|Updated: 4/13/2007 5:35 pm
||Published: 4/13/2007 5:35 pm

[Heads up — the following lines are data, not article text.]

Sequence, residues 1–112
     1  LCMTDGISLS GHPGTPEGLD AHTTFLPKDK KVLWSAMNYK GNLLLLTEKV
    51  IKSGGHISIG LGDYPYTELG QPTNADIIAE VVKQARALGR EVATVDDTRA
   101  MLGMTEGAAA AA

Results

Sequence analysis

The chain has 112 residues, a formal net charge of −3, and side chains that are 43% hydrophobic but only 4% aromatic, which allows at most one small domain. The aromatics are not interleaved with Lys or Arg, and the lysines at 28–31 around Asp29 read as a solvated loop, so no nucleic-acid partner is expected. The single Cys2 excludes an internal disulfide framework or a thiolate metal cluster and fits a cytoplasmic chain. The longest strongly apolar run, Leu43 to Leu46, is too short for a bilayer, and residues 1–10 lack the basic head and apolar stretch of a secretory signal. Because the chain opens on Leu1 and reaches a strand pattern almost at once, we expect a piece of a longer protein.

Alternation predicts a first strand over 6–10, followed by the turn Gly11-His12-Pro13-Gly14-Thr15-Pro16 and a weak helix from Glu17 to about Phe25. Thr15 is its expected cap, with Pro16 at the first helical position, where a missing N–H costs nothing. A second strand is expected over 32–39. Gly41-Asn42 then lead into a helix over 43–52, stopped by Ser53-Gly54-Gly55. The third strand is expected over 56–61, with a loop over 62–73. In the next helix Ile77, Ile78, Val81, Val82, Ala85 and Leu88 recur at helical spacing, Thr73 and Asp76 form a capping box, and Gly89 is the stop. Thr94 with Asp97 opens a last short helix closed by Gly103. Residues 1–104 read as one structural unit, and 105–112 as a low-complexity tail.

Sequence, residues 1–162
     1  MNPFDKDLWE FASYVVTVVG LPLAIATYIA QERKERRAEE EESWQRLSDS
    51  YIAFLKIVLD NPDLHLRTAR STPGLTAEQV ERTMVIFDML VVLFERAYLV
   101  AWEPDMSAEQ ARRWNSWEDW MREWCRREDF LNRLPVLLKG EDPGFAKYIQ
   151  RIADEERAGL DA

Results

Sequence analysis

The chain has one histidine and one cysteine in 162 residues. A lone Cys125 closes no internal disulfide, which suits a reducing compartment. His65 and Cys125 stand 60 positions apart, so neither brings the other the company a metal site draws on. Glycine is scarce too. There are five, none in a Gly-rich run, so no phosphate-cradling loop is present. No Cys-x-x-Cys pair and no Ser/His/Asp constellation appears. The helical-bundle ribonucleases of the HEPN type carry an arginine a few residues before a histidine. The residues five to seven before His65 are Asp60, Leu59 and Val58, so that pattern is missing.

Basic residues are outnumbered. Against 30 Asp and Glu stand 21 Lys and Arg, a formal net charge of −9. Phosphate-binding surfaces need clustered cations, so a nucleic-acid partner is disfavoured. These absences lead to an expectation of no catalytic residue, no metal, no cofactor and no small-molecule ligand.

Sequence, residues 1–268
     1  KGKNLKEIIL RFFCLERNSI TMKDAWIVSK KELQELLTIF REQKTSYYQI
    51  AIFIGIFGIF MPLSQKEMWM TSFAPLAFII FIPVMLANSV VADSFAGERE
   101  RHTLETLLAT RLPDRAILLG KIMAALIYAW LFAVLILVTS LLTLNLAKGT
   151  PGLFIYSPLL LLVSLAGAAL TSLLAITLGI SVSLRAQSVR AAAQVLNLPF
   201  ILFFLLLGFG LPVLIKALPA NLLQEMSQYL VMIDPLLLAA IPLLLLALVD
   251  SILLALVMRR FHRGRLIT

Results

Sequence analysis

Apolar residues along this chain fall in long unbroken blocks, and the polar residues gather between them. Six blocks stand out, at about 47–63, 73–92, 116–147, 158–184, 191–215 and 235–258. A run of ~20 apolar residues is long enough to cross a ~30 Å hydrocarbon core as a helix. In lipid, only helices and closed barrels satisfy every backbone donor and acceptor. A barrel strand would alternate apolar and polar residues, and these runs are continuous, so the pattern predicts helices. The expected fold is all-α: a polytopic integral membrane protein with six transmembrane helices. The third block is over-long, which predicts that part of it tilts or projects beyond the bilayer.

If you desire to repay all or part of your debts, but have fallen behind on your payments and simply need relief and protection from your creditors until you can regain your financial footing, a Chapter 13 bankruptcy, commonly referred to as a wage earner repayment plan, can help you meet those needs. Under a wage earner plan, you propose a financial plan based on your monthly disposable income that will allow you to repay a portion or all of your debts over a period of three to five years without interference from your creditors and without giving up your assets. If the bankruptcy court and your creditors approve your repayment plan, you’ll be required to make your monthly payments under the plan to the trustee overseeing your case. The trustee will be responsible for dispersing your payments to the appropriate creditors. Once you complete all payments under your repayment plan, your debts are discharged and you’ll be left with the satisfaction of paying your creditors and keeping your assets. To be eligible to file a Chapter 13 wage earner plan, you must be an individual or small business owner with a regular income greater than your reasonable living expenses. The total amount of your debts must also not exceed the limit imposed by Chapter 13 regulations. All debts discharged through a Chapter 13 bankruptcy will remain on your credit report for seven years.